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What you need to know about the open 2024 U.S. Senate race in Indiana

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Hoosier Democrats hired Indianapolis clinical psychologist Valerie McCray in the Indiana primary last week to fight Republican U.S. Rep. Jim Banks for the state's open U.S. Senate seat in November. Libertarian Andrew Horning is also running in the general election.

A campaign against banks will not be an easy task. National election forecasters like the Cook Political Report and Sabato's Crystal Ball both list Indiana's 2024 U.S. Senate race as a solid and safe Republican seat. It's an open seat after Sen. Mike Braun decided not to run for re-election and instead run for governor.

But there are still months until the general election on November 5th, and a lot can still happen before then. Here are answers to five questions about the November election for Indiana's open Senate seat.

Who are candidates for U.S. Senate in Indiana?

Three candidates are running for Indiana's open U.S. Senate seat: Republican Jim Banks, Democrat Valerie McCray and Libertarian Andrew Horning.

Banks, of Columbia City, represents Indiana's 3rd District in Congress. Banks ran unopposed for U.S. Senate in the Republican primary on May 7.

McCray, a clinical psychologist in Indianapolis, defeated former Rep. Marc Carmichael in the May 7 Democratic primary.

Horning, a resident of Freedom in Owen County, retired from his work in medical technology development in 2023. Horning was selected at the Indiana Libertarians convention earlier this year.

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What electoral or campaign experience do the candidates have?

Banks leads all three candidates in voting experience. The Republican congressman was first elected to represent Northeast Indiana in Congress in 2016 and was re-elected in 2018, 2020 and 2022. He has earned a reputation as an outspoken, socially conservative voice in the House of Representatives and has also introduced related bills during his time in office to help veterans. Banks is a veteran of the Navy Reserves and served before Congress in the Indiana State Senate and the Whitley County Council.

McCray has never held elected office, but ran for president in 2020 with a focus on mental health care before dropping out of the race. McCray's campaign said the Democrat is the first Black candidate for U.S. Senate in Indiana history.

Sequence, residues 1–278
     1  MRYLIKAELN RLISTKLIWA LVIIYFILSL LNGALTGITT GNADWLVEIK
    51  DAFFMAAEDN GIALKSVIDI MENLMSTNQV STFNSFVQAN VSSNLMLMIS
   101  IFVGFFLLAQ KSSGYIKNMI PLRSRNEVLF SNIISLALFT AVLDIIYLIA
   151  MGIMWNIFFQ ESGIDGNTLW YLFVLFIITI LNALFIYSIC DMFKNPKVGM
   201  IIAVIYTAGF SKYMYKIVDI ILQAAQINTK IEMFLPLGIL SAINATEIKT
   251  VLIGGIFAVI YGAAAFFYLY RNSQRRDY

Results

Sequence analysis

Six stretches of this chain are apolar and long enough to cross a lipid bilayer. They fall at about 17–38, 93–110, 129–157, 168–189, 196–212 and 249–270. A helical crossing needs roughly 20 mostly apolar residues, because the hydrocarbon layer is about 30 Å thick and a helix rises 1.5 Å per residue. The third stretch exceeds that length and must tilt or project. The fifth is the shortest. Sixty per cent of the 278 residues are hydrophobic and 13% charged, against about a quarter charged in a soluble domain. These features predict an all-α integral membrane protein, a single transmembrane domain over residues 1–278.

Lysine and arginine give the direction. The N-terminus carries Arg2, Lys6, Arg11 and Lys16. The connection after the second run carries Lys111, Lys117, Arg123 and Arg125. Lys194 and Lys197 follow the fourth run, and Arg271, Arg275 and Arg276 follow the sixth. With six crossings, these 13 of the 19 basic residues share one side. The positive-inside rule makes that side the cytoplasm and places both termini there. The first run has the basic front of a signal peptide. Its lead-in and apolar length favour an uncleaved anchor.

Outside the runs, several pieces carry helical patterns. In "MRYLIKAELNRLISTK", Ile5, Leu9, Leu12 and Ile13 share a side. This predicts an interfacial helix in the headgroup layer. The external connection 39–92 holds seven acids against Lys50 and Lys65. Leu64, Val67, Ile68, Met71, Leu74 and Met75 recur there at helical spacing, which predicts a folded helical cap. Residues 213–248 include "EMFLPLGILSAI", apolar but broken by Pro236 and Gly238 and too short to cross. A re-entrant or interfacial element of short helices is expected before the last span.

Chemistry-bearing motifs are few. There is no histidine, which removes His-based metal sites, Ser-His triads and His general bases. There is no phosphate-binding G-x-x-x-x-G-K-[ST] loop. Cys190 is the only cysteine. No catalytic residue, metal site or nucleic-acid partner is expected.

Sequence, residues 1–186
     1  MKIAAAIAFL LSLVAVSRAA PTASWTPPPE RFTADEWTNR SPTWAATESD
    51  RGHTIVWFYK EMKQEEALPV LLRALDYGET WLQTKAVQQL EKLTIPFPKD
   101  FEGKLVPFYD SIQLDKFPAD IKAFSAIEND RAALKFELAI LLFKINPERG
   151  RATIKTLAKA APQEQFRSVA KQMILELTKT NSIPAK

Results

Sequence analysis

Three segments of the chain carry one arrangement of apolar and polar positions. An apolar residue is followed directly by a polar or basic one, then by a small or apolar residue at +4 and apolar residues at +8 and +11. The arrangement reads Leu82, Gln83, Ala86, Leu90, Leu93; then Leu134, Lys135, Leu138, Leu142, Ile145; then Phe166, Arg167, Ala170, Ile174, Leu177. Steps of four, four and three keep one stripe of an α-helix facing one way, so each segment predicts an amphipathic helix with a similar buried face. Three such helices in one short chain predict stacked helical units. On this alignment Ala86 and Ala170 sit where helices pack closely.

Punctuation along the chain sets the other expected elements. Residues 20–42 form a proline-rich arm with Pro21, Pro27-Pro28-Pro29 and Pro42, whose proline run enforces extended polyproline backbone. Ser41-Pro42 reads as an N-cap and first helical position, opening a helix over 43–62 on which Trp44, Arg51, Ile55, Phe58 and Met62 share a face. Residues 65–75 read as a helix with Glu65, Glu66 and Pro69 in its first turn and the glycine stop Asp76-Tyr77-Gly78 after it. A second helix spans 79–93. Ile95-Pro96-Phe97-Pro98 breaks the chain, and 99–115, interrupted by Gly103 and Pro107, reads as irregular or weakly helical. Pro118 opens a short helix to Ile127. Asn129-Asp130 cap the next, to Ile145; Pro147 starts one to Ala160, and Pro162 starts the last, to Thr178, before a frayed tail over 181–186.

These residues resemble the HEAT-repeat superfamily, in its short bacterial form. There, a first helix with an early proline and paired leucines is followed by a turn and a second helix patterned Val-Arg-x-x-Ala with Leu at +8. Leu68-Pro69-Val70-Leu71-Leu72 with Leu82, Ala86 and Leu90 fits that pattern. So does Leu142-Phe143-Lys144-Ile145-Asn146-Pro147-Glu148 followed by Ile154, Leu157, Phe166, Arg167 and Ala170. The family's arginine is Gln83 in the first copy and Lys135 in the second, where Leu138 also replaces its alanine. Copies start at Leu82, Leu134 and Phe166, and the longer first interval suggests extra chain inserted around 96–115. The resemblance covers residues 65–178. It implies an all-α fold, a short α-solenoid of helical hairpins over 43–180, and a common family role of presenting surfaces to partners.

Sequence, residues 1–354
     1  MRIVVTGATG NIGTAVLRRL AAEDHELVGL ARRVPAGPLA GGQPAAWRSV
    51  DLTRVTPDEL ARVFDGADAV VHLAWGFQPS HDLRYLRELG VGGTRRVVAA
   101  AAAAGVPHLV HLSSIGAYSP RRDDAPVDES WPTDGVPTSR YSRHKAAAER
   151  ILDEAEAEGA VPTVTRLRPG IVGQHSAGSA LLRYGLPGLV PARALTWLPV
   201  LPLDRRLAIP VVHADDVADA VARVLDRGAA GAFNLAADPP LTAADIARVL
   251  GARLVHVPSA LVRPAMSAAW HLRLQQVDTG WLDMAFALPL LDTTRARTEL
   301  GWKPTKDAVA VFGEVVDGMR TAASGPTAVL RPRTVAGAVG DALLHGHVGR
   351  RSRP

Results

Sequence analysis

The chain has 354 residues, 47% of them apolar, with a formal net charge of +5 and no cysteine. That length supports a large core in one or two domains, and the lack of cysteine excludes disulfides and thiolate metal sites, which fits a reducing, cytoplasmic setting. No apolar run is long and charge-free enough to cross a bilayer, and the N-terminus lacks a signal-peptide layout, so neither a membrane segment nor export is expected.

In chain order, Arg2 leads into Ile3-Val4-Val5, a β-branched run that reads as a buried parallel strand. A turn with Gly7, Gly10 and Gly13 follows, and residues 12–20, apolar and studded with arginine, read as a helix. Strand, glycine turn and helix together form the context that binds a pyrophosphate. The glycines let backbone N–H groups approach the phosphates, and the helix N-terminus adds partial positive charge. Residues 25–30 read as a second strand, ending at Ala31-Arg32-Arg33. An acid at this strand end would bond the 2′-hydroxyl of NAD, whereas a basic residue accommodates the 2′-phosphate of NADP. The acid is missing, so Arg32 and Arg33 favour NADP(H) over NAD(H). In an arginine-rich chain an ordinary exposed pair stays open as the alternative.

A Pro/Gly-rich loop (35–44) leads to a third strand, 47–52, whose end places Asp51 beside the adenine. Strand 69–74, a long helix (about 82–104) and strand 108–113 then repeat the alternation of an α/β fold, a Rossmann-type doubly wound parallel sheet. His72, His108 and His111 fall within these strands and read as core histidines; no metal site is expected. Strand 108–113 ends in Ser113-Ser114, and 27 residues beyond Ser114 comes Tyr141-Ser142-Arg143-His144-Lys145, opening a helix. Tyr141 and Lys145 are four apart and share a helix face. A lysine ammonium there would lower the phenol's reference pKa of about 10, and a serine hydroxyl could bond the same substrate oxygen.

Horning has run as a Libertarian in previous elections, including in the 8th Congressional District in 2014, 2016 and 2022. Horning previously ran for U.S. Senate in 2012, when Hoosiers voted for Democrat Joe Donnelly, and for governor in 2008 former Republican Gov. Mitch Daniels and Democrat Jill Long Thompson.

How much money and support do candidates currently have?

Banks is swimming in donations and support from top Republicans in and outside Indiana. At the top of the list of supporters is former President Donald Trump, who remains very popular in the Hoosier State. According to federal election reports from mid-April, banks said they had received about $4.7 million and spent about $3.1 million so far this election cycle.

According to federal reports, McCray raised just under $15,000 and spent about $15,700 during the same period. As of mid-April, there were no reports of Horning's campaign contributions.

From 2023: Donald Trump supports Jim Banks for US Senate

How did Hoosiers vote in the recent U.S. Senate election?

In Indiana's final U.S. Senate election of 2022, voters re-elected Republican Senator Todd Young to another term in Washington, D.C. Young won the election that year by nearly 21 percentage points over Democrat Tom McDermott. Libertarian James Sceniak won about 3% of the total vote in 2022.

In 2018, U.S. Sen. Mike Braun, who is the Republican nominee for governor that year, defeated incumbent Democratic Sen. Joe Donnelly by 6 percentage points.

Can a Democrat or Libertarian win Indiana's U.S. Senate seat in 2024?

Anything can happen in politics, but it seems highly unlikely that Democrats or Libertarians have a chance at Indiana's open Senate seat.

The last time Hoosiers elected a Democrat to the Senate was Donnelly in 2012, and Indiana has only gotten redder in the years since former President Donald Trump won the state handily in 2016 and 2020. With Trump at the top of the ticket in the November general election, it's hard to see a path for anyone other than Banks.

Contact IndyStar state government and politics reporter Brittany Carloni at brittany.carloni@indystar.com or 317-779-4468. Follow her on Twitter/X@CarloniBrittany.

Anna Harden

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